Further, in Judaism it is also not so simple because even though repentance is importance, the sin itself is not to be hated. Why not? It is because we are born with the potential to do good but also a tendency to veer away from the mark. In other words, G-d has given us the free will to sin and we are no strangers to exercising that free will, given we are only human and not perfect. Merely hating the sin leads us to feelings of unworthiness, shame, and guilt, all of which may stymie us from seeking to improve our behavior as well as learning to control our emotions and not always act upon them without thinking first. Thus it would be better for our own sake NOT to dwell on hating the sin but instead focus on changing our behavior by turning away from the sin, that is, repenting. Jesus Himself said to the adulteress “Go and sin no more.” He did not tell her to spend her time and energy hating the sin she committed, bemoaning her fate, or feeling guilty or ashamed of herself. The call to action in a more positive, constructive direction is what Jesus demands.

I like how to put that the focus needs to be a positive direction. I’m deeply inspired by Chabad’s “mitzvot tanks” or buses driven by Rabbis that pulled over asked “Are you Jewish?” And if so would have Tefflin ready, free Shabbat/sabbath candles ect. The goal was to increase observance of any Jews, regardless of past observance or sect. The Rebbe of Chabad stressed starting with any observance and to follow as many of the commandments as you can. Not to try to do it all at once or lay any big guilt trips.

Absolutely. In my posts on CAF I often write “a homosexual person”, even though technically I could just write “a homosexual”, because I want it to be remembered that we’re talking about a person.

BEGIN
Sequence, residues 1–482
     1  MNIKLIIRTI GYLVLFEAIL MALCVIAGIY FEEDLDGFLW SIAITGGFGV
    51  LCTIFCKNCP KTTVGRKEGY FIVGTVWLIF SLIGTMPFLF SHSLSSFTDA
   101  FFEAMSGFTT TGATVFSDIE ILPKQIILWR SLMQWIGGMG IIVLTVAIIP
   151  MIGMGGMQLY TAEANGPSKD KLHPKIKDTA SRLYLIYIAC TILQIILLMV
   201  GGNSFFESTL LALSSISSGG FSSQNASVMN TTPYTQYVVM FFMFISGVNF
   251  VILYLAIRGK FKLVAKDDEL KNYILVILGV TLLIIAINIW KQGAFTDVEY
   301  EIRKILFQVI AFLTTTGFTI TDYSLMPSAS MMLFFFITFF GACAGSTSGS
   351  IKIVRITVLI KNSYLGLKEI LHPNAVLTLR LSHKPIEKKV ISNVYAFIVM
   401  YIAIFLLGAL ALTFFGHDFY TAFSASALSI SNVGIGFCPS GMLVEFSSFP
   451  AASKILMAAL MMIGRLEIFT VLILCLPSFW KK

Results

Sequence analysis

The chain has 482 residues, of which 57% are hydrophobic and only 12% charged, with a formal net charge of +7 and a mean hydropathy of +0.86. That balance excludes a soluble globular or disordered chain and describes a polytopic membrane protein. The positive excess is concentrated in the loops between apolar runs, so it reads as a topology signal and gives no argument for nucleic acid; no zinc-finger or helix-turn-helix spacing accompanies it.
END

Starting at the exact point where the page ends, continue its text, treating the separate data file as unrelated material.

Another reason I tend to avoid the word “homosexuality”.

This was the teaching of the great Rebbe Menachem Mendel Schneerson: no judgments and repent in small increments. He stressed kindness and compassion through good deeds.

Incidentally, when Bob Dylan was contemplating returning to Judaism after his dabbling with Evangelical Christianity, he met with Rebbe Schneerson. I can’t imagine an odder couple and wonder what they might have spoken about.

That is a nuance which does sadly seem to get lost all too often. Too much do we see a dichotomy of you can either condemn even the orientation, creating a need for conversion therapy or that you must embrace the acts with open arms. Both of which divert from the middle way. It seems like you’ve given thought to this and I do wish you well as you continue to explore ideas within Christianity. The writings of past popes in addition to Pope Francis can be helpful too in finding your way too.

Thanks for sharing this. It’s always interesting to get the perspective of our Jewish brothers.

And thanks to Zenfred and Meltzerboy for sharing about Rebbe Schneerson. He sounds like a holy man.